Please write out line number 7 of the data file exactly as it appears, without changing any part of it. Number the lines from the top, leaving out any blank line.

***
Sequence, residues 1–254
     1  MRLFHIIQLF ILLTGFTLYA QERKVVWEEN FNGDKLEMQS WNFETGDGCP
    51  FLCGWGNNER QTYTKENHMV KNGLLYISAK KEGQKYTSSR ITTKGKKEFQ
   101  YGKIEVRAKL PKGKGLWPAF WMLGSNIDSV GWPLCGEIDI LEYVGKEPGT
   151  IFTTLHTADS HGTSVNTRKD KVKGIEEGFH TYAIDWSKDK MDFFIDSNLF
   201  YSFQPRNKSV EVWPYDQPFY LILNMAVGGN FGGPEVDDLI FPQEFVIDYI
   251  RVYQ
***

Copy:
   251  RVYQ